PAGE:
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by admin last modified Oct 18, 2017 10:10 PM
KRACK Wi-Fi Attack
See the link under Security on the left side of this page.
Apple will release updates in the coming weeks for its modern macOS and iOS devices. Windows 10 has been updated for those who automatically update. Owners of out of date devices and anyone who travels should consider using a VPN such as Private Internet Access

New phone system
OlympusNet switched to a new phone system several weeks ago. The new system will improve your access to our support staff for the services we'll support early in 2018. We believe the new system will be the best phone system available. It was released this spring by a large company and its development is ongoing.

Thoughts on October's OUCH! on Helping Others Secure Themselves
Our calling is increasingly to help others secure themselves —Ned Schumann 

SANS OUCH! for October: Helping Others Secure Themselves
Many of us feel comfortable with technology, to include how to use it safely and securely. However, other friends or family members may not feel so comfortable. In fact, they may be confused, intimidated, or even scared by it. This makes them very vulnerable to today’s cyber attackers. Cyber security does not have to be scary; it ’s actually quite simple once you understand the basics. They most likely just need a guide like you to help them understand the basics.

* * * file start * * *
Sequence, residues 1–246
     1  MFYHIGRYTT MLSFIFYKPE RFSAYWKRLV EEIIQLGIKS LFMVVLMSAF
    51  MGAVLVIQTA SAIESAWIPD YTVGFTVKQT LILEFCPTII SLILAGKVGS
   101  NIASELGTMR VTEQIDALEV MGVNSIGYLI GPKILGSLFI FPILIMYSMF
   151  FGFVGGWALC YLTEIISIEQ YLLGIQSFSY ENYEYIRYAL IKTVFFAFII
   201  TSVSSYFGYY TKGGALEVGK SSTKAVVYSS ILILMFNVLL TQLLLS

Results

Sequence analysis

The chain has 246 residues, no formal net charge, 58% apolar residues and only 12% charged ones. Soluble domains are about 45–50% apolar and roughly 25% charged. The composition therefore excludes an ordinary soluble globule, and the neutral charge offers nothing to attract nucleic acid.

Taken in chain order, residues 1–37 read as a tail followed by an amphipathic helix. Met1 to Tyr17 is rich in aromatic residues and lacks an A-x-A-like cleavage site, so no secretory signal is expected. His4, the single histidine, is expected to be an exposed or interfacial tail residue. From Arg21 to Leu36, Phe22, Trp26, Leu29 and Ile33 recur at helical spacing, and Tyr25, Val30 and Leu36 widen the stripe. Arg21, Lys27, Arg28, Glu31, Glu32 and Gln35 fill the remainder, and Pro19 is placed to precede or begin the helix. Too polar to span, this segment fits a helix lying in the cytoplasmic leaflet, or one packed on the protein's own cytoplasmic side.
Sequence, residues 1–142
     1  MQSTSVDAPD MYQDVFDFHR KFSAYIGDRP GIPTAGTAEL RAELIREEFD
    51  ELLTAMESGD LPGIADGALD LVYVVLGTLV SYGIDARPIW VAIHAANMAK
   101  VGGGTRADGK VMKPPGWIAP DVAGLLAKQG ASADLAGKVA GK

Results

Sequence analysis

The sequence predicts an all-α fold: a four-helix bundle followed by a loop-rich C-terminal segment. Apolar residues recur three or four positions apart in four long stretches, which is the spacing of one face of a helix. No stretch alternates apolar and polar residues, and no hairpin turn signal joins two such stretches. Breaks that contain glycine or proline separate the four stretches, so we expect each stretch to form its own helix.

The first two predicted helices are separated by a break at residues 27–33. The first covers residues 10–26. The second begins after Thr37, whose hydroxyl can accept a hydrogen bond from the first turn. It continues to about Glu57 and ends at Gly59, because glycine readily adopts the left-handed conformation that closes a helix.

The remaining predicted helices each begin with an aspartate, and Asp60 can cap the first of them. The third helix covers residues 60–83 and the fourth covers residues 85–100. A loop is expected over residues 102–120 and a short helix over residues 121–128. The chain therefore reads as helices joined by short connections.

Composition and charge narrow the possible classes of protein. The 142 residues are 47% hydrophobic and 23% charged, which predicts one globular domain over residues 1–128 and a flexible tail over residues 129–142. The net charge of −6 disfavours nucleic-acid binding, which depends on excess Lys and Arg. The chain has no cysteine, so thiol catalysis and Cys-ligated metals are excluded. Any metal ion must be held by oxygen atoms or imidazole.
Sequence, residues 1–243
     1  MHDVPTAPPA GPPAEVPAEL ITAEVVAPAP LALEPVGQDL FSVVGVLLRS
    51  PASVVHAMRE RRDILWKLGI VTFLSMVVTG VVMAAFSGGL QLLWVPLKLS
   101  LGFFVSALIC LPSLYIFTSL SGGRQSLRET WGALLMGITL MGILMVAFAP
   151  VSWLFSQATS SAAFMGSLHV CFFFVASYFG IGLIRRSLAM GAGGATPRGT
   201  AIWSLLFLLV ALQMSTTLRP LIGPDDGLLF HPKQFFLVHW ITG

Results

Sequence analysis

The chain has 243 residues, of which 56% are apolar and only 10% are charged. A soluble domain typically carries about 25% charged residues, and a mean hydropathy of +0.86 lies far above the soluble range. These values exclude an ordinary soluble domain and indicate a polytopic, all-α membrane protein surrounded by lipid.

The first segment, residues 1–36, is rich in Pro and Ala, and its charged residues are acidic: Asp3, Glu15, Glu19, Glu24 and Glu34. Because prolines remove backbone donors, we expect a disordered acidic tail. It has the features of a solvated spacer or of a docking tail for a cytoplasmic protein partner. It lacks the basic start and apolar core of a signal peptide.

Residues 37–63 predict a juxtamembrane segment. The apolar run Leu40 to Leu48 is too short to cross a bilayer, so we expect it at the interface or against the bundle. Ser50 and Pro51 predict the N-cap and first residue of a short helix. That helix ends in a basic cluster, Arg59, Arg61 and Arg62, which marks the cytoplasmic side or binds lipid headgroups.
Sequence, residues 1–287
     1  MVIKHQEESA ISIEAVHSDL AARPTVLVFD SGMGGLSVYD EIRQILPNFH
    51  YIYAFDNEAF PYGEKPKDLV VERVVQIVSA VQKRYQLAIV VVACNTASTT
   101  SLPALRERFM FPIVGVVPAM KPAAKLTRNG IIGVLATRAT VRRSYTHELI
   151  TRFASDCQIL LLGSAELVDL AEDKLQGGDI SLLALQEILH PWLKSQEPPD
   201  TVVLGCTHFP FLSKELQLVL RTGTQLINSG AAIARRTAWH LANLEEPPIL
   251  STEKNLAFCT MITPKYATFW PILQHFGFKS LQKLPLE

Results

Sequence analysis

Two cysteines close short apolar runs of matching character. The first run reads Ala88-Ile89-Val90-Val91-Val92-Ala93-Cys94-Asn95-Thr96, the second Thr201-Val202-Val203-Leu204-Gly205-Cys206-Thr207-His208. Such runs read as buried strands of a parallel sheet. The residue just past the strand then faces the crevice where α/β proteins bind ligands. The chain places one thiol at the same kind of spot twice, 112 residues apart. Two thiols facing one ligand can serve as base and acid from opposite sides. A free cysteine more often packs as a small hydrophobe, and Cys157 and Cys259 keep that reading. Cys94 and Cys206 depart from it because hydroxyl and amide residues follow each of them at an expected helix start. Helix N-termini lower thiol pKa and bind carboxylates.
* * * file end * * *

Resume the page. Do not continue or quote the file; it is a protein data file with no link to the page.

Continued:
Five Simple Steps
Here are five simple steps you can take to help others overcome those fears and securely make the most of today’s technology. For more information on each of these points, refer to the References section at the end of this newsletter.

Social Engineering: Social engineering is a common technique used by cyber attackers to trick or fool people into doing something they should not do, such as sharing their password, infecting their computer, or sharing sensitive information. This is nothing new. Scams and con artists have existed for thousands of years. The only difference now is bad guys are applying these same concepts to the Internet. You can help others by explaining to them the most common clues of a social engineering attack, such as when someone creates a tremendous sense of urgency, when something is too good to be true, or when a cyber attacker pretends to be someone you know but their messages don’t sound like them. Share examples of common social engineering attacks, such as phishing emails or the infamous Microsoft tech-support phone calls. If nothing else, make sure family members understand they should never give their password to anyone or allow remote access to their computer.
Passwords: Strong passwords are key to protecting devices and any online accounts. Walk your family members through how to create strong passwords. We recommend passphrases, as they are the easiest to both type and remember. Passphrases are nothing more than passwords made up of multiple words. In addition, help them to install and use a password manager. It is important to have a unique password for each of your devices and accounts. If a password manager is overwhelming, perhaps teach them to write their passwords down, then store those passwords in a secure location. Finally, help them enable two-step verification (often called two-factor authentication) for important accounts. Two-step verification is one of the most effective steps you can take to secure any account.